Autumn's focus on forage

  • By mark patterson
  • 23 Sep, 2016

Mark discusses what our pollinators will be foraging on in autumn, astonishing insect migrations and monitoring of the expanding Ivy Mining Bee population.

Heleniums are one of the most attractive flowers to bees in autumn

Autumn in the forage patch

After an abysmally wet late spring summer turned out to be a good one for our bees this year. All the rain in May and June meant the ground moisture content was high and combined with the very warm weather in July created ideal conditions for a good summer nectar flow.

The limes did exceptionally well with supers filling up fast in early July. Reports from beekeepers moving hives to the heather were equally good with an abundance of heather honey being produced. I’ve had my best summer in several years with some hives producing 7 supers of honey each.

Wild flowers like Knapweed, Wild Marjoram, Scabious and birds foot trefoil have enjoyed a long flowering season thanks to the spring rain and have flowered continuously from late June right through to September.

In urban areas Chinese Chestnut, Chinese Privet and Indian Bean Tree flowered slightly later than usual extending the summer nectar flow by several weeks. The Chinese Privet is still flowering right now down my street and attracting an abundance of honey bees the first week of September.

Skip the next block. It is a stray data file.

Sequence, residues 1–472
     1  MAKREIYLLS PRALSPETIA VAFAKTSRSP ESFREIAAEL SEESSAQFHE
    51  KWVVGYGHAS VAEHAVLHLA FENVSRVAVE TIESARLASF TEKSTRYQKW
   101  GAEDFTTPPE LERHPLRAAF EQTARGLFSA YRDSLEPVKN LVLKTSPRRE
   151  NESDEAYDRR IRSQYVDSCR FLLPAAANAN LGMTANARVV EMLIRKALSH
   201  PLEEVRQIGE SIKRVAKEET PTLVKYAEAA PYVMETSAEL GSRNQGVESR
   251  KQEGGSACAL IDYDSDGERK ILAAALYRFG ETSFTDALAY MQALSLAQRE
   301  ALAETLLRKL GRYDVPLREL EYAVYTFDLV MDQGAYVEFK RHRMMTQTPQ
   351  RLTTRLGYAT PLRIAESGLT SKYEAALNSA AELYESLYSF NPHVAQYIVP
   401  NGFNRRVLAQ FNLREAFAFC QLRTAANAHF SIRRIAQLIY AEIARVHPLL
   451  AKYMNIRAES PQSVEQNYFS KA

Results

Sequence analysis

As we enter September and the start of autumn the summer flowers are now going over as they set seed and cease blooming. A few will persists into autumn but time is up for most of them. Replacing them will be an abundance of Ivy.

Ivy is one of the most important late season sources of forage for our pollinators and is greatly under rated. It’s not just honey bees which rely on the Ivy blooms, a whole host of insects rely upon the blooms to stock up before winter. Bumble bee and social wasps queens rely on Ivy flowers to fatten up before their long winter hibernation, Hoverflies and butterflies also rely on the Ivy to feed up before winters sleep. Honey bees will bring back the nectar and store it as honey to feed on during the cold winter.

Several of our pollinators are migratory and rely on Ivy to fuel their long autumn migration south to warmer climes. One of the most spectacular examples of autumn insect migration is that of the Painted Lady Butterfly. For decades their migration was a mystery and scientists assumed that butterflies migrating north in spring climaxed and then perished before they could return south leading to a dead end population. Thanks to advances in modern radar technology the mystery has now been solved. Using sophisticated radar scientists have been able to track the butterfly’s migration from central Africa through sub-Saharan Africa, across the Mediterranean and through Europe where 6 million butterflies cross the English Channel into the UK. Some of these butterflies make it as far north as Greenland. Using the radar technology scientists were then able to track 29 million butterflies making the return journey south in late September. The butterflies fly at an altitude of 500-1000 feet and are propelled south by high altitude wind currents enabling them to make the journey to Africa in under a month. The longest insect migration in the world is fuelled largely on Ivy nectar.